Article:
Lowecur From United States of America, joined Jan 2005, 585 posts, RR: 0 Posted (7 years 7 months 1 week 1 day 21 hours ago) and read 1756 times:
Looks like Jetblue may be closing some non performing cities and routes after the 60 day brainstorm session is over. Some excerps from the Wall St Journal yesterday:
WSJ: You went straight from college to New York Air and then Continental Airlines. You're known as the 'operator.' How is JetBlue going to be different under your leadership?
Mr. Barger: What's the report card on the 128 airplanes being deployed today? Has every airplane earned its way into the route network or the fleet plan? We're going to continue to grow, but let's just calm it down. As the eighth-largest airline in the country, you can't turn on a dime any more. You want to be able to move with alacrity when opportunities present themselves, but behind the scenes be very deliberate.
WSJ: Mr. Neeleman said things fell apart in February because JetBlue hadn't kept up with its growth and 'lost control.' When did you first start to worry that the company wasn't managing the transition between upstart and major airline?
Mr. Barger: There wasn't an event or a meeting, but there were smoke signals, whether it was the cost creep or the decision to take on 35 airplanes a year. We ended up with a unionization effort within our airport group. What triggered that? What weren't we doing right?
[A consultant] said, 'You keep blowing the same candles out.' You end up trying to fix the same problem the same way, or the same problem crops up and you try another fix, but there's not a comprehensive fix. As a leadership team, you better be listening to the signals because otherwise here's the next airplane and the next new city and we're going to blow the same candles out again.
WSJ: The airline business has reinvigorated network carriers, discounters continue to grow, and new airlines like Skybus and Virgin America are coming along. How is JetBlue coping with intensifying domestic competition?
Mr. Barger: Our cost structure, while we can always hone it, is in very good position. Make sure we continue to keep the product fresh. Our ability to really compete on a cost and a product standpoint really positions us well for the future. You can't rest on your laurels when Consumer Reports comes out and says JetBlue is the top airline. We have a responsibility to make sure, if something's not performing, let's redeploy the airplanes.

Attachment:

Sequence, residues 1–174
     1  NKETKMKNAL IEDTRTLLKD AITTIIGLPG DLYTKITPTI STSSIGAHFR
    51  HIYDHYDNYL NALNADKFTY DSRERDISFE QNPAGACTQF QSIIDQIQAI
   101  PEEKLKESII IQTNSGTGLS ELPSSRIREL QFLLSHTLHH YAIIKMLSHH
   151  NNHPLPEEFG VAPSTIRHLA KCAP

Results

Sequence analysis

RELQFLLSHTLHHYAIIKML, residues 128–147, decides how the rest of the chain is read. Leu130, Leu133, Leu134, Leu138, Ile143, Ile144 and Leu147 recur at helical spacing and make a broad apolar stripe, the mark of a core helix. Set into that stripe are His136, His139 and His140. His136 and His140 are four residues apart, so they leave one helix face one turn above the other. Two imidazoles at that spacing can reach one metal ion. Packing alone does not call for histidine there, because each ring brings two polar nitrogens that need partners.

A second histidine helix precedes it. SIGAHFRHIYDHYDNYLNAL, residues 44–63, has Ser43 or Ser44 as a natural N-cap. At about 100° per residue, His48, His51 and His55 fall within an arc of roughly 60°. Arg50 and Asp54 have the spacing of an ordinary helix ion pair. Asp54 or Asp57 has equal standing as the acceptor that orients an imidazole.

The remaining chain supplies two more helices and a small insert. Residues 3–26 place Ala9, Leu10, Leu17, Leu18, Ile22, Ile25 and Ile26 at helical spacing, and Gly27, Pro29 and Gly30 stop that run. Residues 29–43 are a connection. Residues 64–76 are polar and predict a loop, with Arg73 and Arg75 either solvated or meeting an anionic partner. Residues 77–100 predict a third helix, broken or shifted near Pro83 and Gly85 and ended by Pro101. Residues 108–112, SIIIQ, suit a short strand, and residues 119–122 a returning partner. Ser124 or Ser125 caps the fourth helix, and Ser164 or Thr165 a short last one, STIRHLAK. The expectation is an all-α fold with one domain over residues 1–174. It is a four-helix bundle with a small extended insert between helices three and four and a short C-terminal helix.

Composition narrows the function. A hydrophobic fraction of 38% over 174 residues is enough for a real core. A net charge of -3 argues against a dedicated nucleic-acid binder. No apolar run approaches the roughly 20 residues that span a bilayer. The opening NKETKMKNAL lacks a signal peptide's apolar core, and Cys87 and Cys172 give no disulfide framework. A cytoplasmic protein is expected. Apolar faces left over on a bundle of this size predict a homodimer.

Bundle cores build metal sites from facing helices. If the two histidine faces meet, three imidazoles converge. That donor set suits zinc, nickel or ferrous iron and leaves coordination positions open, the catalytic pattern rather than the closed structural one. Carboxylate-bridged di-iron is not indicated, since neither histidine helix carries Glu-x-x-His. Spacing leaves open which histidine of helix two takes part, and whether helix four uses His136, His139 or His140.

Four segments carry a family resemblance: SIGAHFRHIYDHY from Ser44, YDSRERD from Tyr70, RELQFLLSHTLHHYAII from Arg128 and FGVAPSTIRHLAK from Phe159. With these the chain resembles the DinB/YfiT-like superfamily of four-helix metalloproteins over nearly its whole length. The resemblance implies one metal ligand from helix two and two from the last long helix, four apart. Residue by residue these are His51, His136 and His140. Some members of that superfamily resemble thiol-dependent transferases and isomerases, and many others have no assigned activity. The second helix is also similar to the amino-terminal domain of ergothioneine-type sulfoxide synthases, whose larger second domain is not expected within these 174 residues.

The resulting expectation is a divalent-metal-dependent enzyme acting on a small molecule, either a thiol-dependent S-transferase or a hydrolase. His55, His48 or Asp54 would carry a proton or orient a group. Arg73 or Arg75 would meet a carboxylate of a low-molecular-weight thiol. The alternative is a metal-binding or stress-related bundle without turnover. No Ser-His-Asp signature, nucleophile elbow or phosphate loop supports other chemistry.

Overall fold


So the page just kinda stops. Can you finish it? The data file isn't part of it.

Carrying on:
WSJ: Wall Street says it loves the airline, hates the stock. What do you do about that?
Mr. Barger: Our mission is to really, with rigor, review what we're doing today. Let's manage the company: 128 airplanes, 54 cities, let's evaluate. However, are we deploying our newest asset, the [Embraer] 190? I think every airline would love to have a 100-seat airplane they could deploy across North America. Many of them can't. From a revenue perspective, there is plenty of running room for our brand, and not just in the domestic U.S. Let's look at Canada, Mexico, the Caribbean. I really believe the share price will take care of itself.
Sounds like he is not happy with deploying a/c on unprofitable routes. Wonder how those Shuttles are doing? Do you think maybe those a/c could pull a better yield elsewhere? Pittsburgh is a non performer. My guess is they are gone, along with quite a few other non performing cities. They need to build out the cities that are performing and close those that are not. More reason to reinstate the 190 deliveries and sell more 320s.
ScottB From United States of America, joined Jul 2000, 6863 posts, RR: 32
Reply 3, posted (7 years 7 months 1 week 1 day 20 hours ago) and read 1649 times:
Quoting Lowecur (Thread starter): Sounds like he is not happy with deploying a/c on unprofitable routes. Wonder how those Shuttles are doing?
DoT has managed to break the TranStats web site yet again, so I can't look at segment passenger numbers right now. If memory serves, the BOS-JFK route does well for passengers on-board, but the actual fraction of those passengers who are O&D is somewhere around half. In 4Q2006, B6 had roughly 450 passengers each way per day on BOS-JFK; that's out of somewhere around 1100 daily seats available (since I believe 2 daily round-trips were on the A320). Apparently the route has been reduced from ten daily trips to eight currently. BOS-IAD and JFK-IAD are both down one trip from the original schedules (six to five). BOS-PHX has also gotten the ax.